Politico reports today that Donald Trump is courting prosperity televangelists in an effort to “keep his momentum from ebbing.” The subtext of the Trump televangelist outreach is that despite the polls, the only kind of evangelicals who really like Trump are those who love mixing not just religion and politics, but religion and money:
Roughly three-dozen leaders attended the two-and-a-half hour meeting at Trump Tower, including televangelists Gloria and Kenneth Copeland and Trinity Broadcasting Network co-founder Jan Crouch, who is also the president of a Christian theme park in Orlando.
As it came to an end, televangelist Paula White said Trump wanted them to pray for him. Trump nodded, and the faith leaders laid hands on him and prayed.
Many evangelical leaders look askance at the crowd the businessman is courting. “The people that Trump has so far identified as his evangelical outreach are mostly prosperity gospel types, which are considered by mainstream evangelicals to be heretics,” said outspoken Trump critic Russell Moore, president of the Ethics and Religious Liberty Commission of the Southern Baptist Convention, the country’s largest Protestant denomination at 16 million members.
Now let’s be honest here. Cast your eyes to the right of this text and you’ll see a link to my 2008 book, God’s Profits: Faith, Fraud, and the Republican Crusade for Values Voters. That book is about how the GOP, despite the fact that many mainstream evangelicals consider the prosperity gospel to be heretical, has long courted televangelists in the quest to consolidate the conservative Christian vote. Although the televangelists are primarily focused on the health-and-wealth gospel (sow your seed into my ministry and God will bless you with a hundred-fold return!) they have long been coveted politically for their influence over their audiences and their history as loyal foot soldiers in the culture wars.
Don’t read too much into Politico’s assertion that the televangelists would be “less turned off by his brash style and history of socially liberal positions,” or by the suggestion that Trump, by this meeting, has somehow stepped outside the typical Republican boundaries for courting the evangelical, Pentecostal, and charismatic Christian vote. Trump is following a GOP playbook established in the 1980s, and followed by his current rivals, and in particular, by one current rival’s family. Indeed Trump himself followed the playbook during his unsuccessful 2012 presidential bid when he met with televangelists.
The casino mogul isn’t the first Republican (or probably the last) to get cozy with Copeland in particular. In 2008 Mike Huckabee reached out to Copeland as his campaign floundered. At the time, Copeland boasted of being a “rich Jew backed by a richer Jew” and a “billionaire in the kingdom of God.”
But Copeland’s influence dates back even further than that. As I reported in my book, Copeland has been sought out by Republican candidates, including both George H.W. and George W. Bush, because of his vast wealth and followers. In 1998, Karl Rove was advised by then-Bush family religion advisor Doug Wead that Copeland “is arguably one of the most important religious leaders in the nation.”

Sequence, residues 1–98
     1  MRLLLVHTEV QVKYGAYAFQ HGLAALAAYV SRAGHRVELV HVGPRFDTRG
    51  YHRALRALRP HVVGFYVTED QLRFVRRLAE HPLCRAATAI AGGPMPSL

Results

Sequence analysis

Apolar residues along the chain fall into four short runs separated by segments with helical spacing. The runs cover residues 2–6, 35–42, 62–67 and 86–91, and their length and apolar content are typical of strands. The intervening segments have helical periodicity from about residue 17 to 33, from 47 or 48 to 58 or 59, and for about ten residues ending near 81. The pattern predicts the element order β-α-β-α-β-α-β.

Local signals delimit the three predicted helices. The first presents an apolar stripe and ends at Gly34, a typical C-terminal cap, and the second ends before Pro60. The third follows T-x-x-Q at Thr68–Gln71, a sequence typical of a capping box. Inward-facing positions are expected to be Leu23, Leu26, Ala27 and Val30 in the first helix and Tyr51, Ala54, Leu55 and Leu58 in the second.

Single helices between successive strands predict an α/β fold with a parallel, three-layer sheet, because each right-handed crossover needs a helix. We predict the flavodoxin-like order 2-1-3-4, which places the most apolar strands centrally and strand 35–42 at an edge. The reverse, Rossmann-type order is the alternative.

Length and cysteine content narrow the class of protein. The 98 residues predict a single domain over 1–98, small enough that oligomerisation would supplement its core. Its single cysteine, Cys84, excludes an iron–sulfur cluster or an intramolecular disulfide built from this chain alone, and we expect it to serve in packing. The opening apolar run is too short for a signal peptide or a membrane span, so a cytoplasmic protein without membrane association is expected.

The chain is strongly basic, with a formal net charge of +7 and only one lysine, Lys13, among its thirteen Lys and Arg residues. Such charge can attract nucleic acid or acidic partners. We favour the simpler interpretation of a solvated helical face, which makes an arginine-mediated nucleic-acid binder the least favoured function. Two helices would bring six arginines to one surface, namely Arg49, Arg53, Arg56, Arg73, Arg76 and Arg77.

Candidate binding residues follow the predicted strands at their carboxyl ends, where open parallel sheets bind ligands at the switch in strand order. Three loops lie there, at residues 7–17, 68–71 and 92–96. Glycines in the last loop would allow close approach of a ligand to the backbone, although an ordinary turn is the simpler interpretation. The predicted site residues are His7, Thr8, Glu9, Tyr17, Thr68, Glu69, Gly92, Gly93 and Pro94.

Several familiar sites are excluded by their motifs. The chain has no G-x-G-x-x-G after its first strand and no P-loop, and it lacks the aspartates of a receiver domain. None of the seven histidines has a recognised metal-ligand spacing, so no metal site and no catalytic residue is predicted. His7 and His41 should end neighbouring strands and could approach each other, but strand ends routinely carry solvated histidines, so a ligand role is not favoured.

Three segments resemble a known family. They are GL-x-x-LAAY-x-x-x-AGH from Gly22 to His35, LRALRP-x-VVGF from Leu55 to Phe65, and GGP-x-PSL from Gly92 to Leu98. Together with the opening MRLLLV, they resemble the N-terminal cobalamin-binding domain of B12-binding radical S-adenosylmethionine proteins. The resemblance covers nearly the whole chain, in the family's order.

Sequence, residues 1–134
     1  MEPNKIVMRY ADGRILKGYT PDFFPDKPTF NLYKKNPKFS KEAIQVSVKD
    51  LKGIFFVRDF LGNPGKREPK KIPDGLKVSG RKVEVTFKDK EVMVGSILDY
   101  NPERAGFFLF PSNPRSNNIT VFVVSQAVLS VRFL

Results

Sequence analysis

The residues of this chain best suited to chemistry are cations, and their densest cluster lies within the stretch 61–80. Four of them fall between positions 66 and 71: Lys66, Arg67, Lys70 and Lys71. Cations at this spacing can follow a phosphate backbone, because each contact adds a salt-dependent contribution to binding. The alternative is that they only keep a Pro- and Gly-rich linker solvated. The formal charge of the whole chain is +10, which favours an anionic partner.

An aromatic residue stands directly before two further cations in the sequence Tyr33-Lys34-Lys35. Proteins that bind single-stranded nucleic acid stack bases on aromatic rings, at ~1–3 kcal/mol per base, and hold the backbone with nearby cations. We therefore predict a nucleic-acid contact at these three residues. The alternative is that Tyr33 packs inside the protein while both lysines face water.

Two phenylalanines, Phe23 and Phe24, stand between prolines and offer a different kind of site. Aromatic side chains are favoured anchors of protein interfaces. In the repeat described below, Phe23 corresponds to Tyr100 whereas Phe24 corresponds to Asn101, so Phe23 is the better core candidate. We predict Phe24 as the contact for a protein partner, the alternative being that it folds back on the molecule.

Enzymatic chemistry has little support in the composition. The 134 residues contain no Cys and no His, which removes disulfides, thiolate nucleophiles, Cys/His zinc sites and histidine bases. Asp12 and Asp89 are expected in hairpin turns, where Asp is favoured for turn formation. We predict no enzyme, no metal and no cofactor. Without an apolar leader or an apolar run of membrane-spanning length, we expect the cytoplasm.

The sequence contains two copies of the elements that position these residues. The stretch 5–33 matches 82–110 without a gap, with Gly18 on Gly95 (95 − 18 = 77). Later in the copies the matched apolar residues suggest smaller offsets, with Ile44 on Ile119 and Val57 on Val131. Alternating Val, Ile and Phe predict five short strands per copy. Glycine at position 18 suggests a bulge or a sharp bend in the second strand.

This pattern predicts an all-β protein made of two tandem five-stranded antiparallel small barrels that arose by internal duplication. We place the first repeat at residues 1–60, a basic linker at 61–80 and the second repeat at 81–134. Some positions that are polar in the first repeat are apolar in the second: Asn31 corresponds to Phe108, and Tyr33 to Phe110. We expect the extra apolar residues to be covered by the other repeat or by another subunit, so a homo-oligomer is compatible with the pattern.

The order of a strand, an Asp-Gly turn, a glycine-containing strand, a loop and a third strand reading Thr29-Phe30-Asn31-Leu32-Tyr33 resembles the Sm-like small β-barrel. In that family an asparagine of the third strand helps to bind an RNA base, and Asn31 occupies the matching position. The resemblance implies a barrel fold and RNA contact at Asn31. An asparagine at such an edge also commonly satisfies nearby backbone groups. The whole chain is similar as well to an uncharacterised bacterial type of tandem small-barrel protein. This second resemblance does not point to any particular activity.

Never mind that he’s been the subject of many an investigative report on his appropriation of tax-exempt donations for his own enrichment with luxury homes and private jets. Senate Republicans briefly toyed with the idea of investigating Copeland and that other Trump admirer, Paula White, for their self-enrichment at the expense of their gullible donors, but ultimately punted because hey, it’s more important that the government keep its nose out a church’s balance sheets, even if the church more resembles a closely-held corporation where money is worshipped above everything else.
Televangelism thrives at the precise intersection of religion, money, and keep-the-government-off-our-backs, making its relationship with the GOP a marriage made in heaven (or perhaps somewhere else). Although the Trump phenomenon has laid bare an intra-evangelical rift that has long been obscured in presidential politics, he certainly didn’t invent kissing the ring of televangelism’s rich and famous.
Still, though, the conservative evangelicals dismayed by Trumpism see it as a chance to explore that rift as something bigger than Trump himself. As the evangelical writer Matthew Anderson put it in an unpublished piece he kindly shared with me, “The dalliance between (some!) evangelicals and Trump is simply another move in the shell game of attention-seeking that the info-tainment complex at the heart of political evangelicalism has mastered.” What Anderson calls political evangelicalism, or that unholy alliance between evangelicals and the GOP, is itself more about entertainment than it is about religion, and it’s certainly more about red meat (a form of entertainment) than about policy.
Even if Trump doesn’t end up the nominee—and even if that can be attributed, at least in part, to his waving a Bible around but demonstrating no fluency with it—the Republican Party will remain addicted to the “info-tainment complex at the heart of political evangelicalism.” In other words, Trump’s candidacy may have some unique features. Seeking the blessing of televangelists isn’t one of them.
UPDATE: Via Jacob Lupfer, here is video from the televangelists praying with/for Trump: